An astonishing one in seven computer users may have received phone calls from scammers posing as support engineers, Microsoft is warning.
The criminals call people at home to tell them they are at risk of a computer security threat and offering free security checks. They claim to represent legitimate companies, and use telephone directories to refer to their victims by name.
Once they've tricked their victims into believing they have a problem and that the caller can help, they ask for credit card details to pay for an anti-virus service.
"I got a call from someone saying they were a Microsoft engineer, they'd detected a virus on my machine, and asking if anyone other than me had been using my PC," says one user.
"As it happened, my granddaughter had been playing on it earlier, so the story was quite believable. Luckily, I was busy, so when they asked for my credit card details, I asked them to phone back later, and by the time they did, I'd got suspicious."
But many users aren't so fortunate.
Microsoft surveyed 7,000 computer users in the UK, Ireland, US and Canada, and found that across all four countries, 15 percent of people had received a similar call. In Ireland, this rose to 26 percent.
And of those who received a call, 22 percent - three percent of the total survey sample - were fooled into following the scammers' instructions. In some cases, this meant giving the scammer remote access to their computer and downloading software code provided by the criminals; in others, users provided credit card information for a purchase.
"It's a clever piece of social engineering by the scammers - you believe that they're doing you a favour, so your natural inclination is to trust them as they appear to be helping you," says Graham Cluley of security firm Sophos.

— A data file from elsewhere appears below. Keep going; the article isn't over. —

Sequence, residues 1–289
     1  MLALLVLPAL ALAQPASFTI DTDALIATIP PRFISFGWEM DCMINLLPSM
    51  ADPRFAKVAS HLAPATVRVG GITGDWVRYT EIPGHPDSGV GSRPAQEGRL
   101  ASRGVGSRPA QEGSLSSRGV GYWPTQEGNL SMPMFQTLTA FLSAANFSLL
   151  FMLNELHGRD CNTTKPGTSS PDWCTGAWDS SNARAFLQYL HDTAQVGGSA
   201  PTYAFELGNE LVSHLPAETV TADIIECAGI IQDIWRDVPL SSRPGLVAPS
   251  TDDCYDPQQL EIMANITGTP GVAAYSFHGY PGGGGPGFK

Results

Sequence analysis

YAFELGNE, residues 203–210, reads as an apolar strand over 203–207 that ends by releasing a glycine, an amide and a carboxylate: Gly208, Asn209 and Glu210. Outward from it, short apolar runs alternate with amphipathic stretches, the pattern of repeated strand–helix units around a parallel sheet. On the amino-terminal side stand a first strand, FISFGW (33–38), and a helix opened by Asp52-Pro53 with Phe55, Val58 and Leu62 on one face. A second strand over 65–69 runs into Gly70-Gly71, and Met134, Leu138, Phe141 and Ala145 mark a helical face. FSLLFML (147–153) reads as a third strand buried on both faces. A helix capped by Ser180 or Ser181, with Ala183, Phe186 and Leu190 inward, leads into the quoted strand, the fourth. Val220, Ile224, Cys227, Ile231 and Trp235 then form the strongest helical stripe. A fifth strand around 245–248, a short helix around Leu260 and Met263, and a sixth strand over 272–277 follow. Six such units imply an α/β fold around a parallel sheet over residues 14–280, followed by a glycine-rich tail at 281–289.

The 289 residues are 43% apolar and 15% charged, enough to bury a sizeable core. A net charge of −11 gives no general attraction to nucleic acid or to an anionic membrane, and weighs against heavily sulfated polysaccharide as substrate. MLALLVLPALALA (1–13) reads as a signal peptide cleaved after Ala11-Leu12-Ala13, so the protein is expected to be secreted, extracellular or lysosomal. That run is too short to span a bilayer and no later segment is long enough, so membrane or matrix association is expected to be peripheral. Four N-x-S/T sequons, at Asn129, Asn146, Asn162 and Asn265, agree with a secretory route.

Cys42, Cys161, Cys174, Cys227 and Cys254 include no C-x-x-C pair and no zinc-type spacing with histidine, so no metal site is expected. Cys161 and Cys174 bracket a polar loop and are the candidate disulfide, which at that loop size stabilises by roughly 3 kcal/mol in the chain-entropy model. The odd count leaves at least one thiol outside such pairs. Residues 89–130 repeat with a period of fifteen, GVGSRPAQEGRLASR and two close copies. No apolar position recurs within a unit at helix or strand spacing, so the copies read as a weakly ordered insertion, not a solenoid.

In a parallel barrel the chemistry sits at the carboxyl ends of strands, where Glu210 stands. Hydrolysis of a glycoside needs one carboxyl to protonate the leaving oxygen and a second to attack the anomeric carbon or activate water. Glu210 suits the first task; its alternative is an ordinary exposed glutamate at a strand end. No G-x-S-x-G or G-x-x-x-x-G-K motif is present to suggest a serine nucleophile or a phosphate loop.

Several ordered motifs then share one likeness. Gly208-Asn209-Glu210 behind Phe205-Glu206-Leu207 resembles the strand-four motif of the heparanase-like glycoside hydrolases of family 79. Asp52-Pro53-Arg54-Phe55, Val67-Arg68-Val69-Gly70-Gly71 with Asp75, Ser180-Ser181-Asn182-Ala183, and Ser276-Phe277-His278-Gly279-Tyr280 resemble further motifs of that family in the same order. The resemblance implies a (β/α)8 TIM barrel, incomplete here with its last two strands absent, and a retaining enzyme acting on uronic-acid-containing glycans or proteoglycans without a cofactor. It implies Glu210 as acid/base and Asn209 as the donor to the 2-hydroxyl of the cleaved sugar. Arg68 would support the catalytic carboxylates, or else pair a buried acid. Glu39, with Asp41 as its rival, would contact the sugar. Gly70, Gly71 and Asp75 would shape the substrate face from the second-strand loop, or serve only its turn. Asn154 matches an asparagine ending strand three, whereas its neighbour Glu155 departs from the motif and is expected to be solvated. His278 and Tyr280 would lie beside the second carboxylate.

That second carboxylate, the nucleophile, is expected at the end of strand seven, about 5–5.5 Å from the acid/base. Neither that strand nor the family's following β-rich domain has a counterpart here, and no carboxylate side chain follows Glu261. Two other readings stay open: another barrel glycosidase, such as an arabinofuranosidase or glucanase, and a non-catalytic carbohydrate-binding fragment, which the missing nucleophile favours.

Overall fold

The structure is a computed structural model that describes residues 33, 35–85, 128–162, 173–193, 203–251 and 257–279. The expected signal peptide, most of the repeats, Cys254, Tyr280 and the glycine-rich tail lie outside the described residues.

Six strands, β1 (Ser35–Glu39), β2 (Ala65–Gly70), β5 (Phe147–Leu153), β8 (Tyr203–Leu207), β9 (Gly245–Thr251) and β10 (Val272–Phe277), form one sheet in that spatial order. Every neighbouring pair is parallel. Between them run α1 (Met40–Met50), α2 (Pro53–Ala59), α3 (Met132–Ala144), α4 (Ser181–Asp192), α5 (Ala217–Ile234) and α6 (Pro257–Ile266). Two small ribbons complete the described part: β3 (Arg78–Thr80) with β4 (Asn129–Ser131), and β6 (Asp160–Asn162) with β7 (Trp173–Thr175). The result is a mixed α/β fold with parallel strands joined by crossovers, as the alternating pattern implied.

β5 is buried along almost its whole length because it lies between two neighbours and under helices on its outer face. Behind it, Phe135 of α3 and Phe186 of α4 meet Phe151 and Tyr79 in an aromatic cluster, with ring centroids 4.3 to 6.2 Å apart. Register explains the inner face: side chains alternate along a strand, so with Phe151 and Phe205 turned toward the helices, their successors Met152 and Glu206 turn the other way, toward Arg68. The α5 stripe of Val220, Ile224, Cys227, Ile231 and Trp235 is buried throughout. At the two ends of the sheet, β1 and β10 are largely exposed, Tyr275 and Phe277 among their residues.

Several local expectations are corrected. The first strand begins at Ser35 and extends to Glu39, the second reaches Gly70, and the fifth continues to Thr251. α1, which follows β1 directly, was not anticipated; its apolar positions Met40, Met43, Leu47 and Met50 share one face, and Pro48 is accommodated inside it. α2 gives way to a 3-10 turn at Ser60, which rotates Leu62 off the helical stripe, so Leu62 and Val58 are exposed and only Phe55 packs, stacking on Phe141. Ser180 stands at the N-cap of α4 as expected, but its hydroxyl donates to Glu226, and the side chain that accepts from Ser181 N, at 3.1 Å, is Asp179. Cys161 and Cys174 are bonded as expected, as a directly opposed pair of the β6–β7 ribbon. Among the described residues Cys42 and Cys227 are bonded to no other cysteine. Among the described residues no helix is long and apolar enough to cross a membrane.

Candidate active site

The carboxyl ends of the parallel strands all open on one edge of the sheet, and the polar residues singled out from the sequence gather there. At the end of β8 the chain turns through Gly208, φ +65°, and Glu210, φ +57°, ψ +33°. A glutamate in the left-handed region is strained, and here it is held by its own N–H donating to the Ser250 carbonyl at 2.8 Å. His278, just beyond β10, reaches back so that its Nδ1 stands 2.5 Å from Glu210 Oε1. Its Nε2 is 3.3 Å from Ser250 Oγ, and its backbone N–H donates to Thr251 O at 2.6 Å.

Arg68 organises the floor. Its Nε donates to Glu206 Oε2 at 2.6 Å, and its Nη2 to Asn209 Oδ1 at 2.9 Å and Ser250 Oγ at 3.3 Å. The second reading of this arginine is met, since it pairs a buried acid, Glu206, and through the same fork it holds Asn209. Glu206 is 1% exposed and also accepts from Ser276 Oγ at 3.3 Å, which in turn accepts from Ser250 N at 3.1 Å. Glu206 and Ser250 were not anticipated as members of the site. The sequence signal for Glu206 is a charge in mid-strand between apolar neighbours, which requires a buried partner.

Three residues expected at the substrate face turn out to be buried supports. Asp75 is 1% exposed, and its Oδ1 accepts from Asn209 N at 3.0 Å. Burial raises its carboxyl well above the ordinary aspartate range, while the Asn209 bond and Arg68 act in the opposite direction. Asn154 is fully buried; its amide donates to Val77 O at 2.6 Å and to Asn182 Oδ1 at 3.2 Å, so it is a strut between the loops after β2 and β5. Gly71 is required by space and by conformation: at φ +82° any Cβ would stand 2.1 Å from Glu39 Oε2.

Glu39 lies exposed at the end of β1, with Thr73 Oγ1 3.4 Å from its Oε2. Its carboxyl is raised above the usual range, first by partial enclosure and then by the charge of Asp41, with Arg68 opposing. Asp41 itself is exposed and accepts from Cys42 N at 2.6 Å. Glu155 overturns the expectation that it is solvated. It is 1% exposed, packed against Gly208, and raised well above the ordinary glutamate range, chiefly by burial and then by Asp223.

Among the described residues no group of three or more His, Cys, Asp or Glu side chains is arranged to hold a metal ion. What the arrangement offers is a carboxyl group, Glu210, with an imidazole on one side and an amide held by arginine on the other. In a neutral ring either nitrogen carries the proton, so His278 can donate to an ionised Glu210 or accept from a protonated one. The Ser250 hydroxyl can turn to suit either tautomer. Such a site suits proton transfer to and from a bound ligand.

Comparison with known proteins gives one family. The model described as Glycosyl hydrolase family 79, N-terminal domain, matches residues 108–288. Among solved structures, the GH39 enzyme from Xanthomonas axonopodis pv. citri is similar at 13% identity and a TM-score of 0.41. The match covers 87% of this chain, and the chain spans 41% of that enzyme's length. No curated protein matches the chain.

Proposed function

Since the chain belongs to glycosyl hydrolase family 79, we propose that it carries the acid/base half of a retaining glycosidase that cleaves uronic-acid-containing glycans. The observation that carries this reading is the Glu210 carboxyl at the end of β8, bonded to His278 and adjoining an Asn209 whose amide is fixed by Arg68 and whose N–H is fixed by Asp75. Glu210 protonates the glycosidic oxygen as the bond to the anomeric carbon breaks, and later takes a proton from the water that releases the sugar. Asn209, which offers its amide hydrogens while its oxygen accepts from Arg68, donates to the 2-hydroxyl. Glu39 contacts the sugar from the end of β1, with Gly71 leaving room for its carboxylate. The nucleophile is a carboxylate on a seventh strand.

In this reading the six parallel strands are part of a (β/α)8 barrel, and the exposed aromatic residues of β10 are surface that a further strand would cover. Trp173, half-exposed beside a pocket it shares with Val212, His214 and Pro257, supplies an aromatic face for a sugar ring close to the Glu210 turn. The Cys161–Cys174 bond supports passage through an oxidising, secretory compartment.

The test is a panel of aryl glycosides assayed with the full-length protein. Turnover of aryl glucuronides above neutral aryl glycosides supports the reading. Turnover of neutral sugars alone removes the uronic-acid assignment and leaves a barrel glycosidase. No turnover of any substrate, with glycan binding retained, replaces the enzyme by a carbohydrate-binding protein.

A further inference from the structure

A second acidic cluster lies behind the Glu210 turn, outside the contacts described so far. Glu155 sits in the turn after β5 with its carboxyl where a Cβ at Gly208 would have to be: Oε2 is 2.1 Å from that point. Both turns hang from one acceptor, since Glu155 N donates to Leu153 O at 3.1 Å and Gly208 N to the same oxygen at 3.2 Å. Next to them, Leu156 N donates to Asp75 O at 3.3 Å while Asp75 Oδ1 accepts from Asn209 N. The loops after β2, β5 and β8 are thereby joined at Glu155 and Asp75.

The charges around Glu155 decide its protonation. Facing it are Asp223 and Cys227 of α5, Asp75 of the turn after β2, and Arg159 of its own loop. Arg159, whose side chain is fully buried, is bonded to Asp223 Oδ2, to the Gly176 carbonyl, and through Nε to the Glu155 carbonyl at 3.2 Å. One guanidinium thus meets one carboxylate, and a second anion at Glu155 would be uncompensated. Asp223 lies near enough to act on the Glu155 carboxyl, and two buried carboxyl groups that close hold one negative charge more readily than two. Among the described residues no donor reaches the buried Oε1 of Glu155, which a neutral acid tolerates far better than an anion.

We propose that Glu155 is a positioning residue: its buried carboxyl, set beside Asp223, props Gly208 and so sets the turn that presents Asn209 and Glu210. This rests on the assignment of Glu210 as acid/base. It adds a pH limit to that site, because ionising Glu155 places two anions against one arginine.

Over three quarters of the people caught out by the scam suffered some sort of financial loss. Seventeen percent said they had money taken from their accounts, 19 percent reported compromised passwords and 17 percent were victims of identity fraud. More than half said they suffered subsequent computer problems.
Across all four countries, the average amount of money stolen was $875, ranging from $82 in Ireland up to $1,560 in Canada. The average cost of repairing the damage caused to computers by the scammers was $1,730 — rising to $4,800 in the US.
"The security of software is improving all the time, but at the same time we are seeing cybercriminals increasingly turn to tactics of deception to trick people in order to steal from them," says Richard Saunders, director of international public and analyst relations at Microsoft.
"Criminals have proved once again that their ability to innovate new scams is matched by their ruthless pursuit of our money."
Right now, it looks as if the scammers are only targeting countries where the main language is English. However, says Saunders, it's only a question of time before the scammers expand their operation.